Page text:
On page 192 of the book, it says that is legal because the compiler automatically narrows the literal value to a byte. However, on page 196, I found that will not compile. I checked this with the default compiler in NetBeans 6.7.1 and it is true. Why does the compiler not automatically narrow the double literal to a float here, just as it does for an int literal to a byte? Just wondering if there is any good reason for this, or is this just an unnoticed bug in the compiler?
My guess is that a double expression will almost always fall outside the representable values of float because they aren't different in just their range of values but also in the precision of those values. Since the precision of a float is different than the precision of a double then the narrowing conversion might substantially change the value being assigned.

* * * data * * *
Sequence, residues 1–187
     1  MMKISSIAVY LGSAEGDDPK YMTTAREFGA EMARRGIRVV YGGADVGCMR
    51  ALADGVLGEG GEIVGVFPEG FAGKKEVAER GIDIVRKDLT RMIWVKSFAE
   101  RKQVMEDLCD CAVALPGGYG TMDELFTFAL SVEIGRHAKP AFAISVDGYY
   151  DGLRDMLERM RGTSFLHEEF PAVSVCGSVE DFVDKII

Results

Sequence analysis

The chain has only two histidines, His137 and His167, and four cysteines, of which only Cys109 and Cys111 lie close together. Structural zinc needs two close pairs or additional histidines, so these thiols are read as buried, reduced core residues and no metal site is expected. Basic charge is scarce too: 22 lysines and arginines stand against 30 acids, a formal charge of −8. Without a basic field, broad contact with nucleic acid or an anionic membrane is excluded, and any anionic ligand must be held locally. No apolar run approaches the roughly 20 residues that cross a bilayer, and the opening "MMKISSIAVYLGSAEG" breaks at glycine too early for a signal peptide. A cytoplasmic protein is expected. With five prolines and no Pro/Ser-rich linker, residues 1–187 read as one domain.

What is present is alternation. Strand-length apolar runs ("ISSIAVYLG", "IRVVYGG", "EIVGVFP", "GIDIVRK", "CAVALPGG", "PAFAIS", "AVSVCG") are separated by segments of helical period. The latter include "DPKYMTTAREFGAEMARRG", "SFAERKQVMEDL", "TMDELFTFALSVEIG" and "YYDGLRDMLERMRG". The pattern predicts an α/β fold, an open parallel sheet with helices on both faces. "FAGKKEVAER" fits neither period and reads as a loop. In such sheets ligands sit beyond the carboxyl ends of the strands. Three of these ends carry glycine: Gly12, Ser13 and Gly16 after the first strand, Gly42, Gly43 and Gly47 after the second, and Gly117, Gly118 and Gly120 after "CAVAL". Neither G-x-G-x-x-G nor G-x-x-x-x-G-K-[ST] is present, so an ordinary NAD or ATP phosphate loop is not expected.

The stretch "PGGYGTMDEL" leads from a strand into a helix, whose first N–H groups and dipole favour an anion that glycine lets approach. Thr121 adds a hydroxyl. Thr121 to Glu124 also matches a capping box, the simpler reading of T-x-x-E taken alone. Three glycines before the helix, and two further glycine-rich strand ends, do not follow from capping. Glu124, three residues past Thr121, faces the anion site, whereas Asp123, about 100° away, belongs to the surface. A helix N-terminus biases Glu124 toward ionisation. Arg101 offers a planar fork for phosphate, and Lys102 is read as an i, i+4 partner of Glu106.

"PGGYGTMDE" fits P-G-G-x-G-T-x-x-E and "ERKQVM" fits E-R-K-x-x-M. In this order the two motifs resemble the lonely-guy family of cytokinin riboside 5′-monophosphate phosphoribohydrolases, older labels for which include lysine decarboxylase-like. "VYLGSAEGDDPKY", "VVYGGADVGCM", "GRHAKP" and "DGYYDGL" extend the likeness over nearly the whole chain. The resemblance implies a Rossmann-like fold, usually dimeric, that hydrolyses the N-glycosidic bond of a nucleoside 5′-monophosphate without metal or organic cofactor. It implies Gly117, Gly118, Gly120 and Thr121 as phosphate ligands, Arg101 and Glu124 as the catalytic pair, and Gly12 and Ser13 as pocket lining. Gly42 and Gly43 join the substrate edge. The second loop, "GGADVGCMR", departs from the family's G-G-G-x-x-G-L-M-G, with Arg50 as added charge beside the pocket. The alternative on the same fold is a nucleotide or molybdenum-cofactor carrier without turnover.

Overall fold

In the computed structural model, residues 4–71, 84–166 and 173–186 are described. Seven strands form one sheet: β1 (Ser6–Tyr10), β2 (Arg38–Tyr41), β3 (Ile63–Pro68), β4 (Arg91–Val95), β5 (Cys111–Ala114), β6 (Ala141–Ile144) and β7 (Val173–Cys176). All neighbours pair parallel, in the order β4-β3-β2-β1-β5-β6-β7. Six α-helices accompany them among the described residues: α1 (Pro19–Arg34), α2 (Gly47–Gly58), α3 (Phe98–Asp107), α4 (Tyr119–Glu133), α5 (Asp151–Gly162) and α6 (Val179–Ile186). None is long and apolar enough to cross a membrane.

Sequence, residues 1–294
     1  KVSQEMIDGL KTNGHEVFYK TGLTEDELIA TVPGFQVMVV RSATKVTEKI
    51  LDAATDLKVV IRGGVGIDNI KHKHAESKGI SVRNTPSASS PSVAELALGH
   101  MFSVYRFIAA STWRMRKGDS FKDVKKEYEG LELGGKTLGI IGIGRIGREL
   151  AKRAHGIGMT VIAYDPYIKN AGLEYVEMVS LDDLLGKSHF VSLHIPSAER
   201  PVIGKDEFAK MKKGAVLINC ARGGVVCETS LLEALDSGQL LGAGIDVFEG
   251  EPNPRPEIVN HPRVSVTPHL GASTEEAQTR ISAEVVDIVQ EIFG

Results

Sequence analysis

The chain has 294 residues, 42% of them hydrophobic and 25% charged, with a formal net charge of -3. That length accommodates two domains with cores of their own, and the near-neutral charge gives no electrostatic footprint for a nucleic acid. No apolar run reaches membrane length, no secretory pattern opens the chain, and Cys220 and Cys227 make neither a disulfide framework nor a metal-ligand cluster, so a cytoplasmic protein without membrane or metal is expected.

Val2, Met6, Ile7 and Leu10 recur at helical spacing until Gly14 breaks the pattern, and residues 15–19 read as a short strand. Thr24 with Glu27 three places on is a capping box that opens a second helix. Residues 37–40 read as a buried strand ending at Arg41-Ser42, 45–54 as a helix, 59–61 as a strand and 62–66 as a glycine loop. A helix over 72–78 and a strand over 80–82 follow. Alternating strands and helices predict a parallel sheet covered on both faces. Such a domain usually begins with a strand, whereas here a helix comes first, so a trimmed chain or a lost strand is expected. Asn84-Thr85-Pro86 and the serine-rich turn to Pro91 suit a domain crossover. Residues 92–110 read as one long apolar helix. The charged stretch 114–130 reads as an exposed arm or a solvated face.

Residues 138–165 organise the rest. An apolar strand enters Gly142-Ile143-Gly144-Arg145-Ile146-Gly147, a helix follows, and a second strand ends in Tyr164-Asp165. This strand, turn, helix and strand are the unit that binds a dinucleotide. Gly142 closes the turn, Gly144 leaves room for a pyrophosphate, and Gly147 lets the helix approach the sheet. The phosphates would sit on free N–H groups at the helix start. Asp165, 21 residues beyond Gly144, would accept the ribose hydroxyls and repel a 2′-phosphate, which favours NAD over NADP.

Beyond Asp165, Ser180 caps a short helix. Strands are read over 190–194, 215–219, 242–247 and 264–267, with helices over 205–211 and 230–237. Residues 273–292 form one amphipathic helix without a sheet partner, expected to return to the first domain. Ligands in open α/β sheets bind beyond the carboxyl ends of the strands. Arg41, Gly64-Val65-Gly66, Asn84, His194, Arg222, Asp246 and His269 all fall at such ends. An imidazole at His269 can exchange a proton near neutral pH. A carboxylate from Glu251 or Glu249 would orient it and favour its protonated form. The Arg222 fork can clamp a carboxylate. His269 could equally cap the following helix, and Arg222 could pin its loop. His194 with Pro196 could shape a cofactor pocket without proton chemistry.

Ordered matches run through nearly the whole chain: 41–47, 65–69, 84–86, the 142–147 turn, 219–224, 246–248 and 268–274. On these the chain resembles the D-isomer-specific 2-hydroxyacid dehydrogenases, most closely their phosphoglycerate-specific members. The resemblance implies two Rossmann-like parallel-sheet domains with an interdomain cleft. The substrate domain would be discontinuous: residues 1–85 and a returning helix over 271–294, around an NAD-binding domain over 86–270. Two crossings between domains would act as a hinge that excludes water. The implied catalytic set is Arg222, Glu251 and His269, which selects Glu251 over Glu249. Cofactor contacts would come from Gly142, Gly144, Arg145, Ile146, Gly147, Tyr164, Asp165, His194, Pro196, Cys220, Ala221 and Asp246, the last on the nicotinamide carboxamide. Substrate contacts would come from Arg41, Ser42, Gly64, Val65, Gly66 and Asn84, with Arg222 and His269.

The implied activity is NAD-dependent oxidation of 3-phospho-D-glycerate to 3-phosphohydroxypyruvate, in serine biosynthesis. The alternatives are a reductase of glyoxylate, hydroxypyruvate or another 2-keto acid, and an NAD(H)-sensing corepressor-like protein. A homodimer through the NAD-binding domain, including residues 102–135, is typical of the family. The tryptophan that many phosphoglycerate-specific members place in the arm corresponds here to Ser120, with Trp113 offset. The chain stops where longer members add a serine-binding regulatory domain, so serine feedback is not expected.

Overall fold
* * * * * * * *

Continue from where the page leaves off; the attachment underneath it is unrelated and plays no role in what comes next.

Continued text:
*Actually, floating point variables as the type for an assignment narrowing conversion are allowed, but only in the context of Value Set Conversions which isn't really applicable to your question
You're welcome Remember the JLS is not usually an easy read.
That I did find out Tried to figure out the concept of Value Set conversion, just reading what it said in the Assignment Conversions section, but decided after a while that I need to read some other parts to get the full context. Don't worry, I'll figure it out. If not, I'll be back to ask.
Steve Luke wrote:I took a gander at the JLS for Assignment Conversions which specifically talks about assignment narrowing conversions. Other than stating that the variable must be of the integral types* it is pretty silent about why double can't be narrowed to a float.
The JLS doesn't talk about long either -- so no implicit narrowing for long compile time constants to int, short, etc.